Although Paul, with regards to the fall of the Jews and reception of the Gentiles, pointed at election or predestination rather than works, Jesus spoke quite oppositely and clearly spoke of the Kingdom being taken from the Jews and given to another Nation because of their evil behavior. Jesus after vividly demonstrating to the Jews their evil in killing the prophets and desiring to kill him (through the parable of the wicked husbandmen) then said, "Therefore say I unto you, The kingdom of God shall be taken from you, and given to a nation bringing forth the fruits thereof." (Matthew 21:43).
Regarding works, although obviously our best works alone cannot save us, the good works of sincerely hearing and following God, and allowing Him to work in us certainly are needed and make us eligible for His mercies and redemption as provided through Christ and which does save us! In conclusion, regarding Paul’s difficult predestination and anti works teachings, which make works appear as the enemy of grace, may those teachings not be allowed to in the very least subtract from the following plain Scriptures,
God speaking to Adam and Cain at the beginning said, "…Of every tree of the garden thou mayest freely eat: 17 But of the tree of the knowledge of good and evil, thou shalt not eat of it: for in the day that thou eatest thereof thou shalt surely die." (Genesis 2:16–17, AV). "If thou doest well, shalt thou not be accepted? and if thou doest not well, sin lieth at the door…" (Genesis 4:7)
King David said, “With the merciful thou wilt shew thyself merciful; with an upright man thou wilt shew thyself upright; With the pure thou wilt shew thyself pure; and with the froward thou wilt shew thyself froward.” (Psa 18:25-26). "… the judgments of the LORD are true and righteous altogether." (Psalm 19:9). Jesus echoed this saying "7 Blessed are the merciful: for they shall obtain mercy." (Matthew 5:7).
Jesus repeatedly said things similar to this, "If ye keep my commandments, ye shall abide in my love; even as I have kept my Father’s commandments, and abide in his love." (John 15:10).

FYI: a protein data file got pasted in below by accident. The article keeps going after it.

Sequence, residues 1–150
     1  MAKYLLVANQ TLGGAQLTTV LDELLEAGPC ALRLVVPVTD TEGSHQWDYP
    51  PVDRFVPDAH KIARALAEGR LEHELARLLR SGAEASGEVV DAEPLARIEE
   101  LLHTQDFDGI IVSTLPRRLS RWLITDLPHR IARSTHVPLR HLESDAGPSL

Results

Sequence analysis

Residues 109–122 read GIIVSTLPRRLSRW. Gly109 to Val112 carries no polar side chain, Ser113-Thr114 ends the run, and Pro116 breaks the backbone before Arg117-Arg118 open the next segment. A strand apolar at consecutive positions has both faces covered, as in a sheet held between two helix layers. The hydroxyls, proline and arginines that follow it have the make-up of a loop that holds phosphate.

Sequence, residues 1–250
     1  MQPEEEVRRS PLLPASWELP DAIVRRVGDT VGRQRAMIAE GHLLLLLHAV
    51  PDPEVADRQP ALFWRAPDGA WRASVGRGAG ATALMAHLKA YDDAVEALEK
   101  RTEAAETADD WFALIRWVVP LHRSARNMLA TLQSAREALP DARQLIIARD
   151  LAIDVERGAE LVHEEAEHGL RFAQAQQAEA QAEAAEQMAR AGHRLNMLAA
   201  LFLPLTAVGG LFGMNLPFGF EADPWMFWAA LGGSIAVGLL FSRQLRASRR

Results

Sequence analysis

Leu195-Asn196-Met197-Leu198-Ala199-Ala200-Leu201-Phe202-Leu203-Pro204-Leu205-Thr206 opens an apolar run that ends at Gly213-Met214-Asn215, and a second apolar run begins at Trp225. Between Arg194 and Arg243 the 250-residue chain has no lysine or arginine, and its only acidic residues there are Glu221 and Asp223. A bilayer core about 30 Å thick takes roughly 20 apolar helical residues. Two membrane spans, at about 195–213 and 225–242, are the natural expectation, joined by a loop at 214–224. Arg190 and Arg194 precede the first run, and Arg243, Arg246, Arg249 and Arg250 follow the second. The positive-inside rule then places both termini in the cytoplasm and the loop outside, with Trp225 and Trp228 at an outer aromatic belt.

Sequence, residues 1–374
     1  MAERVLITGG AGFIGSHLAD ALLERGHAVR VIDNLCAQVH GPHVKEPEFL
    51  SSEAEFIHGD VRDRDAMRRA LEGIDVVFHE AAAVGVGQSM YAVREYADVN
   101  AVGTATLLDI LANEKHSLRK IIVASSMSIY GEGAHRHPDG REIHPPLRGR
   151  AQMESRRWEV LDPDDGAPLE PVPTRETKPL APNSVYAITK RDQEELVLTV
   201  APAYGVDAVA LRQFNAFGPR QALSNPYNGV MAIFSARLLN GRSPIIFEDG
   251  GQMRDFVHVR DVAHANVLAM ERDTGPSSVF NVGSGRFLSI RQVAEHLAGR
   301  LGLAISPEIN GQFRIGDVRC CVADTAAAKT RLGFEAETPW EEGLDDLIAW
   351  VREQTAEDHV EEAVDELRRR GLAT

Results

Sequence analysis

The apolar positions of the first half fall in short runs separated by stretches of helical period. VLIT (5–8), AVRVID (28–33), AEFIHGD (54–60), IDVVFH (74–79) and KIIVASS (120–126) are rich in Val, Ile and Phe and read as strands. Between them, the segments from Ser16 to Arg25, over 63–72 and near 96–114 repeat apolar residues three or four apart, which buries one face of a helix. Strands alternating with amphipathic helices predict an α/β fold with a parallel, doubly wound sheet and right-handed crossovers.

James says, "But he giveth more grace. Wherefore he saith, God resisteth the proud, but giveth grace unto the humble." (James 4:6).
Peter says, “… be clothed with humility: for God resisteth the proud, and giveth grace to the humble." (1 Peter 5:5).
Paul says, "Be not deceived; God is not mocked: for whatsoever a man soweth, that shall he also reap. For he that soweth to his flesh shall of the flesh reap corruption; but he that soweth to the Spirit shall of the Spirit reap life everlasting. And let us not be weary in well doing: for in due season we shall reap, if we faint not." (Galatians 6:7–9). This certainly sounds different than how he used the five OT texts in his predestination teachings!
Not only did God at the beginning tell Adam and Cain the importance of works, but also our Bible very near the end also declares the importance of works reading, "And I saw the dead, small and great, stand before God; and the books were opened: and another book was opened, which is the book of life: and the dead were judged out of those things which were written in the books, according to their works." (Revelation 20:12). The same message is carried throughout.
Although works as in keeping the commandments or teachings of God are most vital, such does not mean pain and bondage, rather Apostle John rather says "For this is the love of God, that we keep his commandments: and his commandments are not grievous." (1 John 5:3). James speaks of them enclosing the perfect law of liberty. That is another whole subject confirmed by many amazing signs and wonders and is spoken of www.HeavensFingerPrints.com at www.CommandmentsOfMen.com .
Numerous of those who I have worked with at my job are Calvinists, and who because of Paul’s predestination teachings believe grace and salvation is all a matter of predestination and election rather than anything to do with our works (behavior choices), while further many Calvinists go as far as to believe it is impossible to fall away from God’s grace if chosen by Him. What would be the most upright and effective manner to convince our Calvinistic friends that our just God absolutely does regard man’s behavior, rather than simply predestining grace and favor to some elect without regards to works? Would not a convincing manner be to show them that not only does the seeming message of Paul’s predestination teachings greatly contradict with the rest of the Bible (including Paul’s other teachings), but that even further the OT Scriptures Paul based his predestination teachings on do not bear out that message, with one even strongly teaching the opposite. Honestly admitting and exposing these drastic conflicts, and therewith naturally having some questions if these contradictory writings of Paul really have virtue as to be included in Scripture canon, likely would be much more effective and convincing, than to claim to believe Paul’s difficult predestination teachings are as the very spoken Word of God although we really don’t believe what they seem to say, and thus believe they should neither. May God give us understanding.
This link shares a long document I wrote many years ago on the subject which also gives much to think about. http://www.teachmegod.com/home6a.htm